Chewing tobacco intake double than smoking

The prevalence of consuming chewing tobacco is almost double than smoking tobacco in the country, revealed a study yesterday.

At the dissemination programme of the research findings at the National Press Club in the city, it was also revealed that women are taking more chewing tobacco than men.

The prevalence of non-smoking tobacco chewing is 43.2 percent while the tobacco smoking is 23 percent in the country, the study showed.

It found that 42 percent men and 1.3 percent women are habituated to smoking tobacco. On the other hand, 34 percent men and 41 percent women are taking chewing tobacco that include jarda, gul and tobacco leaf.

The study titled ‘Baseline Survey of Cardiovascular Disease Risk Factors’ was conducted on 5,332 individuals of 3,668 households of Dhamrai area in 2008.

Prof Ridwanur Rahman, head of the department of medicine of Shaheed Suhrawardy Medical College was the principal investigator of the research.

The programme was organised by Non-Communicable Diseases and Other Public Health Interventions, Directorate General of Health Services (DGHS) in collaboration with the University of New Castle, Australia.

Another study tiled ‘Risk Factor of Acute Coronary Syndrome’ was conducted from April-June 2009 on 400 samples.

The study revealed that 70 percent of those who are suffering from cardiovascular diseases had previous record of smoking, whereas those who are not suffering from heart diseases had previous record of smoking for only 45 percent.

While presenting the research findings, Dr Abul Hasnat Milton, co-investigator and senior lecturer of New Castle University, said 30 percent of all deaths occur from heart diseases worldwide.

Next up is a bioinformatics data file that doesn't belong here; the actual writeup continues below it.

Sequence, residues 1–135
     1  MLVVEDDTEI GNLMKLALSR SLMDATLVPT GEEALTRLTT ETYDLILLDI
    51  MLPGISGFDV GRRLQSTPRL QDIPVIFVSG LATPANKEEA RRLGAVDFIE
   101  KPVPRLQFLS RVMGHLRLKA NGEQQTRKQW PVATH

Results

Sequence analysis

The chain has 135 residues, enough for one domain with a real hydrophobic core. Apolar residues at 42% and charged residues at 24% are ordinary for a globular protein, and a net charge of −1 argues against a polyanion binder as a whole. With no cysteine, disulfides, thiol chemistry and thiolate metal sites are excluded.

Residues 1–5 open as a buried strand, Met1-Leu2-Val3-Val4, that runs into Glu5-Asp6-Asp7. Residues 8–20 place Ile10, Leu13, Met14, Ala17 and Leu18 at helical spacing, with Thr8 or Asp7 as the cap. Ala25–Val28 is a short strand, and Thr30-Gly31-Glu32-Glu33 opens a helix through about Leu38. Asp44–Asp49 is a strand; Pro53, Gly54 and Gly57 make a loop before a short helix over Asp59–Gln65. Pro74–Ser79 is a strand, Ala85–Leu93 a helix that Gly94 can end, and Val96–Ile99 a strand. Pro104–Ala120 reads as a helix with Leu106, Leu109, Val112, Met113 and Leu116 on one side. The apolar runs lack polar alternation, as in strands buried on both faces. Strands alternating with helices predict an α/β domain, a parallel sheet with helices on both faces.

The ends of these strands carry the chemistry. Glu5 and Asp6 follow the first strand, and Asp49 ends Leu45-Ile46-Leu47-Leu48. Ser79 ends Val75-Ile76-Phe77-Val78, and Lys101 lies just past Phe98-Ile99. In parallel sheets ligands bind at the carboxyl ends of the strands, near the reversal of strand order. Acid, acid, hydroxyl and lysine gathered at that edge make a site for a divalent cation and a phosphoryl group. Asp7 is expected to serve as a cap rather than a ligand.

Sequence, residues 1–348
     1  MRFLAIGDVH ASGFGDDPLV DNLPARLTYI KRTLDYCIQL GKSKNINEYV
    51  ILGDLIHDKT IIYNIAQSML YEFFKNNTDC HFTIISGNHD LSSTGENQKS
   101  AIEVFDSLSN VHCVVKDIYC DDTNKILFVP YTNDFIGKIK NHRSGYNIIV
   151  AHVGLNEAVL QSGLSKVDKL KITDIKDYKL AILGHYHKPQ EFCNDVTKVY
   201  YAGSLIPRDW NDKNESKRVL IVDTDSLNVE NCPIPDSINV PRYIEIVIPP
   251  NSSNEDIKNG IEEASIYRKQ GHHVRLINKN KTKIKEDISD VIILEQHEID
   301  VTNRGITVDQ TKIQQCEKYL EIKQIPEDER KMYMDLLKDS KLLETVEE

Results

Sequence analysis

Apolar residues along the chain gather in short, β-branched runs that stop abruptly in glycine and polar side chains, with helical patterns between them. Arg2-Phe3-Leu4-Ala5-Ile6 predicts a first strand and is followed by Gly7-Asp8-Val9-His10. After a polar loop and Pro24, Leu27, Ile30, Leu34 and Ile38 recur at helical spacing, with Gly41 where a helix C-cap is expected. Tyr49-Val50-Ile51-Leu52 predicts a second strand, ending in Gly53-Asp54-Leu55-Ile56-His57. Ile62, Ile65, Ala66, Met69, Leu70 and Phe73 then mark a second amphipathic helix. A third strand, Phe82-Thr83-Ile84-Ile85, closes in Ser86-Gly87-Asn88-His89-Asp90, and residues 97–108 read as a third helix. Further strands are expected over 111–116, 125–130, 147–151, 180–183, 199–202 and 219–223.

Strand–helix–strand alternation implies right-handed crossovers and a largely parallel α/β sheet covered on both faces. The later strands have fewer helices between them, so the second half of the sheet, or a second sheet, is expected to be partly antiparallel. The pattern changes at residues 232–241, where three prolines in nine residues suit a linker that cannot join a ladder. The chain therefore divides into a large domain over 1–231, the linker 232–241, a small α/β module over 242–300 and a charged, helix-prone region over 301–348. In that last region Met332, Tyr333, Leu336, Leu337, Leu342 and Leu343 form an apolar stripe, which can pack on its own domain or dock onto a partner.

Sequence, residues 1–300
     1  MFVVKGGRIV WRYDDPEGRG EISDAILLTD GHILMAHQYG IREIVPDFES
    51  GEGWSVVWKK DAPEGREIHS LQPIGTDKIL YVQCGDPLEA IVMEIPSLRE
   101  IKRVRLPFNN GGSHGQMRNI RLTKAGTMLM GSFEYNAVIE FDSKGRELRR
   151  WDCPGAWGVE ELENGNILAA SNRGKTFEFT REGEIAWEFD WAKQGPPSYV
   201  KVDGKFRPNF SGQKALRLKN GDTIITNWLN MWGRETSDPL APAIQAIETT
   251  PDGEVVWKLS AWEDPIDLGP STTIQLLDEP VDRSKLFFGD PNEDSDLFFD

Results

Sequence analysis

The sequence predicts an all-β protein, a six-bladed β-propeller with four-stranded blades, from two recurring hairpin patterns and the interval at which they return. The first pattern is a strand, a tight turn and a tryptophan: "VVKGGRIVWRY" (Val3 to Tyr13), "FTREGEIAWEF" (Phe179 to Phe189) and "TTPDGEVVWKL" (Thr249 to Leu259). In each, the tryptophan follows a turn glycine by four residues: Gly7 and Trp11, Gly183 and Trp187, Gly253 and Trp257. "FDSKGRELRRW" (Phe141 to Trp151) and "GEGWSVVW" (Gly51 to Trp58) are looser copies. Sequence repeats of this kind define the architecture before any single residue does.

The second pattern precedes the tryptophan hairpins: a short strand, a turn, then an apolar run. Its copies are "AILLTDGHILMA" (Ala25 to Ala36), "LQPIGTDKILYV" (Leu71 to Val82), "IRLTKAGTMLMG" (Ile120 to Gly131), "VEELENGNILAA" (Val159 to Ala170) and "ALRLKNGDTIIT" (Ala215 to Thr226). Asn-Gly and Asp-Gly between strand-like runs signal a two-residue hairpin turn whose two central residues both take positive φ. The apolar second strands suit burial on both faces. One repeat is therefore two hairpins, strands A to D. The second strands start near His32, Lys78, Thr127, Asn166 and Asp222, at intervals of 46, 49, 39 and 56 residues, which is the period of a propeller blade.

“Some 213 per 100,000 individuals aged above 30 years have coronary heart diseases in the world and 80 percent of the people dying from cardiac diseases are from developing countries,” he said, adding that those who don’t take fruits regularly are four times more vulnerable to heart disease than those who take 80 grams of fruits regularly.

High blood pressure, stroke and mental stress also increase the risk of heart diseases, said the experts, adding that awareness should be increased in this regard and besides this, taxes should be imposed on chewing tobacco also.

Dr Mominuzzaman, chief consultant of United Hospital, moderated the session while Prof Ismail Khan of National Drug Control Committee, Dr Badiuzzaman Bhuiyan, health and family welfare secretary of Awami League, Prof Mujibur Rahman and Dr Rubina Yasmin, assistant professor of Dhaka Medical College and Hospital, also spoke.

source: thedailystar.net

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